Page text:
Recently a very large, international organization came to us and asked us to imagine the future of their core product.
They gave us 10 days.
Within that task were a myriad of counter assumptions. First of all, what were the limits of the imaginative circle? Sure, I know that imagination — to be truly innovative — needs to be stripped of the boundaries. But we were well aware that if we didn’t work within a certain preconceived environment, the client would not understand our innovation.
Secondly, you said 10 days? Within the context of our already crazy office and boutique environment, we pulled a group of people out to imagine. Pressing such a severe deadline limits the daydream, but forces the mind to dance at a faster tempo.
Finally, we were the only agency in the mix that did not currently work for the organization. We had a small taste of their brand direction and access to some content through public sources, but we didn’t play in their sand box.
So a few of us put our heads together and imagined.
We determined an imaginative circle to limit the possibilities. That was a great way to focus on the task at hand. We started with a visionary brainstorming. Then we chose which of those ideas reflected the brand, consumer mind set and technological capacity.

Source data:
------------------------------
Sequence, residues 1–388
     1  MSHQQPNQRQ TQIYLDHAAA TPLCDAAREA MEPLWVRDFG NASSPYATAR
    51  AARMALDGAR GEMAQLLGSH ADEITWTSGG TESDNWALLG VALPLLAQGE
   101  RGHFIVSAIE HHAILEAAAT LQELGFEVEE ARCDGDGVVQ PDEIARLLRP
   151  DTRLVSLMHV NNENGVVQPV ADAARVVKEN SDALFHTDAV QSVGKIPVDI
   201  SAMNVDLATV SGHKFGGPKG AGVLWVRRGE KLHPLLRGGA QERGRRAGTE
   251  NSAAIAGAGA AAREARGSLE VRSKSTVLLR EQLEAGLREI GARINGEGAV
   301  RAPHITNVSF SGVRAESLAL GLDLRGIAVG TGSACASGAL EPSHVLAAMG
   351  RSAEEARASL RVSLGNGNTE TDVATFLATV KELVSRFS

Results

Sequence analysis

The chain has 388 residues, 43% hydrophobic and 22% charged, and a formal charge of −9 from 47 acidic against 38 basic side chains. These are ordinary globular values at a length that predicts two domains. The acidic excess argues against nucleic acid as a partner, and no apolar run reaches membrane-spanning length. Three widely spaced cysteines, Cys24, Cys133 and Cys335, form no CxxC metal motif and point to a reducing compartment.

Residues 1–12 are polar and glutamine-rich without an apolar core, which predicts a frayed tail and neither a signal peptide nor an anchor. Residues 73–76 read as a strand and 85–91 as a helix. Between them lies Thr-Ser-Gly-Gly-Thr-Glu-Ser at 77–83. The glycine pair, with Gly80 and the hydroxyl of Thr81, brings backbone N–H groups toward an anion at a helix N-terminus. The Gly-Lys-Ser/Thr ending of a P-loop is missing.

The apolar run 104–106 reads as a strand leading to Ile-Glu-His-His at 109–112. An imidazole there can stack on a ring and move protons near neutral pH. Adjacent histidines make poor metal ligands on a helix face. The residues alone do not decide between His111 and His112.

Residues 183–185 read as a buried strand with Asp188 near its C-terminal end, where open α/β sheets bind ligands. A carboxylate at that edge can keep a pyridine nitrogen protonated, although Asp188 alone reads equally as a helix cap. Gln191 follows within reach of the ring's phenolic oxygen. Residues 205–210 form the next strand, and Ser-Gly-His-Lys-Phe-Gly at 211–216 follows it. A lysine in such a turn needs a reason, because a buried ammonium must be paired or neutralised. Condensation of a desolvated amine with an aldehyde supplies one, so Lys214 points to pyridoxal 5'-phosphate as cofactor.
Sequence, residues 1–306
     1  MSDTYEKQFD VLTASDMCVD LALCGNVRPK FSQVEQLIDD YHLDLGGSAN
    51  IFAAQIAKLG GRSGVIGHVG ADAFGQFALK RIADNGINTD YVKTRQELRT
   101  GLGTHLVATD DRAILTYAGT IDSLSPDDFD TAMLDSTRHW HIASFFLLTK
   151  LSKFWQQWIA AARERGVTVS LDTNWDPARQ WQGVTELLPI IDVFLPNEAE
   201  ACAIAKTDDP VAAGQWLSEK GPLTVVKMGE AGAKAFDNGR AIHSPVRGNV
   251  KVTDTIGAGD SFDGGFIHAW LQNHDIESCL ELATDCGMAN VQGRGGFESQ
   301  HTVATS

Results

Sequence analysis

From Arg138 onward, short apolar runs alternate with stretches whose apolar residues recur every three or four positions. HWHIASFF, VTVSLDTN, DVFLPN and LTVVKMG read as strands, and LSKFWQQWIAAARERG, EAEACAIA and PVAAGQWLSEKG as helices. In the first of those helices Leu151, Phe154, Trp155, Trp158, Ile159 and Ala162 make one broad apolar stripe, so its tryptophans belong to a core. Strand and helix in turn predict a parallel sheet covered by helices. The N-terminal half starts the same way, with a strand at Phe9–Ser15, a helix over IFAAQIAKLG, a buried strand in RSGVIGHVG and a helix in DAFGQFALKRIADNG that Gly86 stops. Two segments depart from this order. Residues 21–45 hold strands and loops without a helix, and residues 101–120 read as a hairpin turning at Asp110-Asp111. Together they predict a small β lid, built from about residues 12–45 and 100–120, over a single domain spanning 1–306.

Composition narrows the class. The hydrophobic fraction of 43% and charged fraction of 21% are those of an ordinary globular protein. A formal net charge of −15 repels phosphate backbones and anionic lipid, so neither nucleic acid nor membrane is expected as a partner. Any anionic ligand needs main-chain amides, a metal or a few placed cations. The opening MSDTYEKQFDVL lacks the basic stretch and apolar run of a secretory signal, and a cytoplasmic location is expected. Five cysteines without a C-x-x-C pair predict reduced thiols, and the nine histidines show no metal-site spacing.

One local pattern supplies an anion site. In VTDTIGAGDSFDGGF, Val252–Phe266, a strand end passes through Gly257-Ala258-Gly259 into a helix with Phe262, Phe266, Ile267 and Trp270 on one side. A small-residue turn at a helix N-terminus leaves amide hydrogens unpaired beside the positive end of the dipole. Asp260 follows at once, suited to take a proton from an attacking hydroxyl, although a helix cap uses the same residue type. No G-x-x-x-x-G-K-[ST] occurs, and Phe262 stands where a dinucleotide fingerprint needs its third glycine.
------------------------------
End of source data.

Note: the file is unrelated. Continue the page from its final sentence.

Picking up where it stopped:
The deadline enhanced our product. There was no time to mess around. We simply identified the goal, sketched the vision and made it happen. In choosing the presentation format, we had to select a media that we could build in just a few days. It also had to be able to articulate the germ of the idea. That was probably our biggest challenge. Because the media presented the idea, we didn’t have the luxury of explaining, body language or intuition.
Finally, being a few steps outside of the inner circle was advantageous. We were not as burdened by limitations. We were able to glean consumer knowledge from using the web sites, participating in social media platforms and immersing ourselves into the organization as a consumer.
This little test of the imagination was an amazing lesson on creativity.
Ideas don’t just happen. They live in an imaginative circle. When the circle is too big, we wander aimlessly. If the circle is too small, we are unable to think creatively. When the circle is just right (says Goldilocks), we are able to define the space with imagination.
Unlimited time does not produce unlimited ideas. There are so many interruptions and opportunities, that a wide berth of time gives us a lot of space to wander unproductively. Our minds love a challenge, but to meet that challenge is a little more difficult. Deadlines give us focus and energy.
Finally, step back and look from the outside. Seeing things from the inside out shatters your ability to relate to a consumer. Just last week I received a short piece of content from a client. This content was developed by a product designer, not a communication person. When I ran a Flesch-Kincaid Grade Level test on the content it was rated at Grade 19. That’s an additional 7 years of post secondary education. Considering that 80% of the American population reads at a Grade 6 or under, even if I give Canadians a couple of years’ intelligence, it’s just not friendly. Standing in the shoes of your audience is vital.
The results of the little challenge were pretty good and we were a favoured contender… it just shows what a little imagination, vision and dedication can do.